December 2019 after 3 years of drought. The perennial creek was bone dry. Grasses were really short. But ground cover persisted. There is also a tinge of green.
In Holistic Management terms, Dunblane falls into what is known as a " non brittle environment" "Brittleness" is an unusual HM term used to differentiate between those areas that receive seasonal rainfall followed by prolonged periods of dry and those
regions (like Dunblane) that have rainfall all year round. Brittleness specifically refers, not to rainfall, but to the daily moisture at the soil surface.
If you want to heal a paddock that is overgrazed, conventional wisdom says to destock it.
Interestingly this only seems to work in non brittle environments. If grass in brittle environments is left resting (denied access to grazing animals) for prolonged periods, degradation takes place. Bare ground appears. Interestingly, the opposite occurs in
non brittle environments. This was a real puzzle to the early adopters of soil regeneration until the role of living organisms in the soil was better understood. You may recall in an earlier journal entry, when discussing the greening of the Loess Plateau,
I made the point that improving one of the 4 ecosystem elements (water cycle, mineral cycle, solar energy flow and biological succession) improves all. Degrading one of the four ecosystem elements also degrades all. In the Loess Plateau project they
focussed very heavily on correction of the water cycle. The others responded accordingly.
It turns out that during pronged dry periods the soil microbes become dormant.
Efficient microbes significantly contribute to the breakdown and absorption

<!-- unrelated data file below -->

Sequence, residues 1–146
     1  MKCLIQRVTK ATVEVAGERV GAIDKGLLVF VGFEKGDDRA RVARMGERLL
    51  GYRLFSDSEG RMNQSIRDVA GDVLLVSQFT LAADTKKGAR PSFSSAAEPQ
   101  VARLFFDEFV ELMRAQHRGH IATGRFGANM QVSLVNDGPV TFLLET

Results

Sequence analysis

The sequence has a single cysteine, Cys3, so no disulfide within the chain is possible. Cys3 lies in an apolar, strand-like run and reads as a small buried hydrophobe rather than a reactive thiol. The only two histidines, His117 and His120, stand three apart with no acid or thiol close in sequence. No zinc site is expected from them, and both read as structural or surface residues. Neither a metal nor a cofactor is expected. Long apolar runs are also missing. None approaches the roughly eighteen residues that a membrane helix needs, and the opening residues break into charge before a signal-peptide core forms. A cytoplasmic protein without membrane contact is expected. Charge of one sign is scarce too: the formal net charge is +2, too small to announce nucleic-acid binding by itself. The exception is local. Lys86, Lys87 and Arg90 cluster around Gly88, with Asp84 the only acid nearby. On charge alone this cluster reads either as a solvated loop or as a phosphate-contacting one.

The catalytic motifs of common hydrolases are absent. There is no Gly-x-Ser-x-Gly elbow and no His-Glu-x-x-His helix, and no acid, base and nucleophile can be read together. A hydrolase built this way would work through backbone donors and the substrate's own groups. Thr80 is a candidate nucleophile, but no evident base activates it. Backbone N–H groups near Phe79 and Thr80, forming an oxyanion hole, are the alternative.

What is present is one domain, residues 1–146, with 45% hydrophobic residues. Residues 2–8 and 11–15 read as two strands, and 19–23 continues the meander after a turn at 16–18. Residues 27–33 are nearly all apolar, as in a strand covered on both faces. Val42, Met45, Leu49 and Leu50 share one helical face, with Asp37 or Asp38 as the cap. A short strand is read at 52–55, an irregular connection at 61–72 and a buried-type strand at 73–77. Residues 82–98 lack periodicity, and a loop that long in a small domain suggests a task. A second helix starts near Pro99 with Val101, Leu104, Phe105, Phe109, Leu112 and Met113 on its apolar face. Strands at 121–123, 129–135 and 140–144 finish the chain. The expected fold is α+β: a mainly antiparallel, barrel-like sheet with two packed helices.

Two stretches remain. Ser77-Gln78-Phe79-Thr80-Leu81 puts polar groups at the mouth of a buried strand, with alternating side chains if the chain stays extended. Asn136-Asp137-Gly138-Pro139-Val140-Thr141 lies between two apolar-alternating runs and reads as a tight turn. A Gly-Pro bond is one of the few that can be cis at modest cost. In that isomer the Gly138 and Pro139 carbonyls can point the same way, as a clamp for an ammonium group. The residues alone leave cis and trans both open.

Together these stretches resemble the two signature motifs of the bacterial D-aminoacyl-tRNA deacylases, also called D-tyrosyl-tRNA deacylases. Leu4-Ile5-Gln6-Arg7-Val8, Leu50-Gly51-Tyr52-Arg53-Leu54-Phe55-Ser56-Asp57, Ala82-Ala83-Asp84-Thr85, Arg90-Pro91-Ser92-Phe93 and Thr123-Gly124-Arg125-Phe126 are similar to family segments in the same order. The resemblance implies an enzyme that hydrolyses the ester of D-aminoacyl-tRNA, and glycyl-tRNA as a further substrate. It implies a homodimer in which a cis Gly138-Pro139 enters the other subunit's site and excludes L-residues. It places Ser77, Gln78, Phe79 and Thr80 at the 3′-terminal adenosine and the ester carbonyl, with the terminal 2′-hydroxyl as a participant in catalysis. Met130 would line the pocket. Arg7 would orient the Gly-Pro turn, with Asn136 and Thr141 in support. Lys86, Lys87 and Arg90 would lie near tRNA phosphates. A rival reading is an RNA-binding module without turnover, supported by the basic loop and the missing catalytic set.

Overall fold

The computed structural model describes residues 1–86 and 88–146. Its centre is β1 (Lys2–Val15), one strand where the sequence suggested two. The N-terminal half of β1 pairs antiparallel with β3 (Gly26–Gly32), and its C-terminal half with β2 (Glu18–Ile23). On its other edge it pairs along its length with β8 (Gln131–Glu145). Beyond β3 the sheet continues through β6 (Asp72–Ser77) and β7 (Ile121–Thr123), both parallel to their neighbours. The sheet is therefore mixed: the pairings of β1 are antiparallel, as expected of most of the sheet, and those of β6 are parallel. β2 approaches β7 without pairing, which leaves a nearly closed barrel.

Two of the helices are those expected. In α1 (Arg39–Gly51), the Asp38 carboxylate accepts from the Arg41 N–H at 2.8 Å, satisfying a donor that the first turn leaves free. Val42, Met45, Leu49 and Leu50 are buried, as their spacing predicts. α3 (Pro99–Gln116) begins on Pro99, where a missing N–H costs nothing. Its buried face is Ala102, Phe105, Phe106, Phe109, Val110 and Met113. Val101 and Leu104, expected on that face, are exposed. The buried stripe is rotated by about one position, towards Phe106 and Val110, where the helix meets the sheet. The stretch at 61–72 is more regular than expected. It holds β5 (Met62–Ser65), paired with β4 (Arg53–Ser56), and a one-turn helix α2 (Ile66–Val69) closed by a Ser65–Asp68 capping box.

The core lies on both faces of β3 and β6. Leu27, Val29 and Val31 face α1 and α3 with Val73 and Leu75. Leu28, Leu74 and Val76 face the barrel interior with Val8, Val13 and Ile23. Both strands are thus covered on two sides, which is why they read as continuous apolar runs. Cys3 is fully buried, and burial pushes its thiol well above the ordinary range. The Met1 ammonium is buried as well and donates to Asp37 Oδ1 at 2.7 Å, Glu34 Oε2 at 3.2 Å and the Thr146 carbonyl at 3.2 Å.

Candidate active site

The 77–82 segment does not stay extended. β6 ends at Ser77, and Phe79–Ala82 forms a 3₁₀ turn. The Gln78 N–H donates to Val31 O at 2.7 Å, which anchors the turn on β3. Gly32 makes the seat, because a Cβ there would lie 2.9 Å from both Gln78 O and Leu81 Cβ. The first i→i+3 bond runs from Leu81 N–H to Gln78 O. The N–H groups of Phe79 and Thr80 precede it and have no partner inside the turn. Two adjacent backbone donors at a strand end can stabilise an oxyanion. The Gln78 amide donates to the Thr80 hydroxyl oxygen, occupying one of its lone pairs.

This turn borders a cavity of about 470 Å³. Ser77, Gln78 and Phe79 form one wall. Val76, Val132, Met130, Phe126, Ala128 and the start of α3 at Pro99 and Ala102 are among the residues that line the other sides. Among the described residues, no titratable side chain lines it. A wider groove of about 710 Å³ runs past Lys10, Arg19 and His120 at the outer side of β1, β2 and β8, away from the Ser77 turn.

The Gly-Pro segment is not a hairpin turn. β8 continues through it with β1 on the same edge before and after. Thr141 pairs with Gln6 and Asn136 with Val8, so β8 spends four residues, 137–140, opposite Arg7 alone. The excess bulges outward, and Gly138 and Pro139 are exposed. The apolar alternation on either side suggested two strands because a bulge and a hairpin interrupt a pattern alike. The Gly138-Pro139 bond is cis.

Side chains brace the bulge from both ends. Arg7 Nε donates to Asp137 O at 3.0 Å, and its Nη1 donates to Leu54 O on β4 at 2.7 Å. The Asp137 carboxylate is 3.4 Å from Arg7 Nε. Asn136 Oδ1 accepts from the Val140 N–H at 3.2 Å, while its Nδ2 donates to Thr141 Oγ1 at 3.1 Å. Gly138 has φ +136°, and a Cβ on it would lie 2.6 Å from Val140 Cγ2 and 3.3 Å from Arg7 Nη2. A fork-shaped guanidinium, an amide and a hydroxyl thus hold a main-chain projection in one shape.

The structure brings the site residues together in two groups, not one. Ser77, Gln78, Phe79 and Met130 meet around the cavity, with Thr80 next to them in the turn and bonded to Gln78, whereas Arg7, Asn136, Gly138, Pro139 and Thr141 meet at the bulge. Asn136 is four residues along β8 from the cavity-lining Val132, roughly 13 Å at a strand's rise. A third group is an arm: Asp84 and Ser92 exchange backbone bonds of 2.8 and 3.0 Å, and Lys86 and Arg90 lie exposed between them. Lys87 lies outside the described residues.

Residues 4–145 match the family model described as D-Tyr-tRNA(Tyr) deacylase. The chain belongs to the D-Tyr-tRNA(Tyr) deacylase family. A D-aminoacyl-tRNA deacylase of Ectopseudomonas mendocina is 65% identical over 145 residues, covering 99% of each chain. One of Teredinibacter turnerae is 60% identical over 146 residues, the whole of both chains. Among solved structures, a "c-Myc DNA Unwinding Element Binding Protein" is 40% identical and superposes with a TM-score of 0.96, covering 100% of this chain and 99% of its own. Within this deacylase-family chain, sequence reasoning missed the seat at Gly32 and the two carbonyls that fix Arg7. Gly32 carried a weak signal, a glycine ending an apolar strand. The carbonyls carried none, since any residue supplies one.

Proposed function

of dead and dying plants. Known as "rapid decay". Oxidation is nature's chemical process of slow decay. It occurs when microbes stop working.
One of the great insights of Alan Savory was the realisation that in the absence of soil microbes,
microbes in the rumen of animals are a pretty good substitute. Ruminant animals eat the dry grasses, digest them with the aid of gut microbes. The faeces is then able to easily be absorbed back into the soil. With it, minerals and organic matter.
times of drought, even in non brittle environments, conditions become brittle . The soil microbes are way less efficient. Rainfall is also depleted. Grass is short and dry, so photosynthesis( solar energy flow) is limited. These landscapes denied
access to the microbes of ruminant animals will degrade to the point of bare ground. In Holistic Management thinking, "bare ground is enemy number one"
Why then, at Dunblane, despite 3 years of drought severe enough to render our perennial
creek bone dry, did ground cover persist?
Grasslands that have been managed holistically will over time increase the organic matter, in so doing alter the soil structure, known as soil aggregates. These soil aggregates have an improved water
holding capacity. That means the soil has increased capacity to hold onto water for months after the rains. Grass will continue to grow, albeit much less vigorously. The animal impact and its microbial contribution facilitates a more rapid decay and absorption
of the dry surface biomass. All through the 2017 - 2020 dry times a carpet of ground cover persisted.(see photo above. Picture taken Nov/Dec 2019)